The jubilant, infectious melody and gushing lyrics of the song, Lucky to Be Me, from Leonard Bernstein’s 1944 Broadway musical, On the Town, seem appropriate for any Valentine’s Day playlist. (The lyrics are by Betty Comden and Adolph Green, and the show’s inspiration came from Jerome Robbins’ ballet, Fancy Free, produced the same year with a score by Bernstein).
Listen to the way the contour of Bernstein’s melody, beginning around the 35 second mark, mirrors the carefree euphoria of the lyrics. It’s a melody characterized by sudden, exuberant leaps between intervals. These expansive leaps give us a sense of confident, sunny, optimism- something akin to 1940s Manhattan’s bold assemblage of Jazzy, Art Deco skyscrapers. This is also a melody which plays subtle tricks on our ear. It begins with a descending C-A-C. Then, after four connecting notes, we hear a similarly descending A-F-C. It’s so similar that our subconscious mind wonders if we heard it wrong the first time. Is this A-F-C the end of the old phrase or the beginning of something new? Then, later in the song, there’s that sudden, sweeping modulation up a third to E-flat.
Leonard Bernstein was one of the twentieth century’s ultimate Renaissance figures- a tirelessly complex blend of conductor, pianist, Mahler champion, mass media icon, educator, and composer of concert music as well as Broadway tunes. Listening to this pre-West Side Story musical, it’s easy to get the sense that he is tossing off these melodies without much care- effortlessly dabbling in the world of songwriting before returning to the concert hall. But there is undeniable magic at work here:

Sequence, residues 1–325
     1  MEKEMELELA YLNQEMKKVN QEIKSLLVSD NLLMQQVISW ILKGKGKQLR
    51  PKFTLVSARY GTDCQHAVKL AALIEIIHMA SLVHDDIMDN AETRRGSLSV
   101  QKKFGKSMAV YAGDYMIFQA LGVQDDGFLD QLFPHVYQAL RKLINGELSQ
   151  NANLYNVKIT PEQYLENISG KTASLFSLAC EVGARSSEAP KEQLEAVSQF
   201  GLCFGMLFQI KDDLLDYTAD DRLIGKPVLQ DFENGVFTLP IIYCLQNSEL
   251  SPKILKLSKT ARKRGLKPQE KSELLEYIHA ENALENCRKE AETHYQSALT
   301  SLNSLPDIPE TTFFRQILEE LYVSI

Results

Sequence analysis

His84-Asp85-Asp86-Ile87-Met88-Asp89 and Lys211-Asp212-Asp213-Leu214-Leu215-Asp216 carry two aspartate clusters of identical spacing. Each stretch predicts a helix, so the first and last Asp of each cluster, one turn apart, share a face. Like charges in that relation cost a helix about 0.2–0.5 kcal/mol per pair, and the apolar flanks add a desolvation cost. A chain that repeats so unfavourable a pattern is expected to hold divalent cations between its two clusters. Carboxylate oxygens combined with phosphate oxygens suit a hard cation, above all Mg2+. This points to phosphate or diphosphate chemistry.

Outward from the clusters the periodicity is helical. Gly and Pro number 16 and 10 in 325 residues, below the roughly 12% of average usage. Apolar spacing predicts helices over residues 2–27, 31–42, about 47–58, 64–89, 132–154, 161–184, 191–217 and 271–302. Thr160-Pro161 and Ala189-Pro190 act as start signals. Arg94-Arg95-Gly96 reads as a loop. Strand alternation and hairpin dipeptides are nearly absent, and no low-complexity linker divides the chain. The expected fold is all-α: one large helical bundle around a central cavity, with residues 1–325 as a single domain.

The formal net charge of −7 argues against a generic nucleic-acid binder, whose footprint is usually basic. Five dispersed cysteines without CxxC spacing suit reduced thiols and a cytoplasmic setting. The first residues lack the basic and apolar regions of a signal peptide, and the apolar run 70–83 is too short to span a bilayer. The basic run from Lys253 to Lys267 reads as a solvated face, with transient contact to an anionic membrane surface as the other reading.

We’ll be listening to more of Bernstein’s music over the coming months, leading up to the centennial of his birth in August. But before we leave On the Town, let’s experience the frenetic sights and sounds of 1940s New York through the eyes of the show’s protagonists: three sailors on 24-hour shore leave during the Second World War. The atmosphere of On the Town is bittersweet, evoking a sense of embracing the moment amid an uncertain and potentially ominous future.
The opening of On the Town explodes with exhilaratingly jazzy dance rhythms. In this regard, pay close attention to the dizzying rhythmic sophistication between 4:45 and 5:17. Additionally, notice the way the theme’s iconic, rising opening intervals (A-B-E) also form a vamping bass line. How is that for bringing “symphonic” development to the Broadway stage?
- On the Town: 1960 recording featuring members of the original cast Amazon
- Bill Evans’ 1958 jazz cover of Lucky to Be Me
- Bill Evans: Some Other Time
- Lonely Broadway, Circa 1946 This previous Listeners’ Club sets On the Town’s ballad, Lonely Town, alongside two other remarkably similar songs written around the same time.
Photograph: Lower Manhattan skyline in the 1940s